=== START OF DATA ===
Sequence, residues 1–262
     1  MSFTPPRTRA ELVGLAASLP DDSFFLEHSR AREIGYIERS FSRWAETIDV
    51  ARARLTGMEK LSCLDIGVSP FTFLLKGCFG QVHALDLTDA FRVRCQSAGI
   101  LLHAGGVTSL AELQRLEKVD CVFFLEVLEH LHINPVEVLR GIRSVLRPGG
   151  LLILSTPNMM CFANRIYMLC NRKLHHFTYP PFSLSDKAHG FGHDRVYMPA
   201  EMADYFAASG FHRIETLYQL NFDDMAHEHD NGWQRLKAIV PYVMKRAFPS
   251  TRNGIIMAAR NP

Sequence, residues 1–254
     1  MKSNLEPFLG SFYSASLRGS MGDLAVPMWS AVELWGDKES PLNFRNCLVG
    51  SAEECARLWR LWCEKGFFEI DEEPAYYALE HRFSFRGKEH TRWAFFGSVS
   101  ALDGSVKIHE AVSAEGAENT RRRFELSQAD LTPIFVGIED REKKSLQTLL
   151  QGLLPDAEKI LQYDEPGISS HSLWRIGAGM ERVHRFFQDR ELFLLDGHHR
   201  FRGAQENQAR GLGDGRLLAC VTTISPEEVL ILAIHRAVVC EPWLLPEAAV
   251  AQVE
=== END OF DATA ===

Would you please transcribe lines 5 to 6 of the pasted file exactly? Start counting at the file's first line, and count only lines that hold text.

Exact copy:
   151  LLILSTPNMM CFANRIYMLC NRKLHHFTYP PFSLSDKAHG FGHDRVYMPA
   201  EMADYFAASG FHRIETLYQL NFDDMAHEHD NGWQRLKAIV PYVMKRAFPS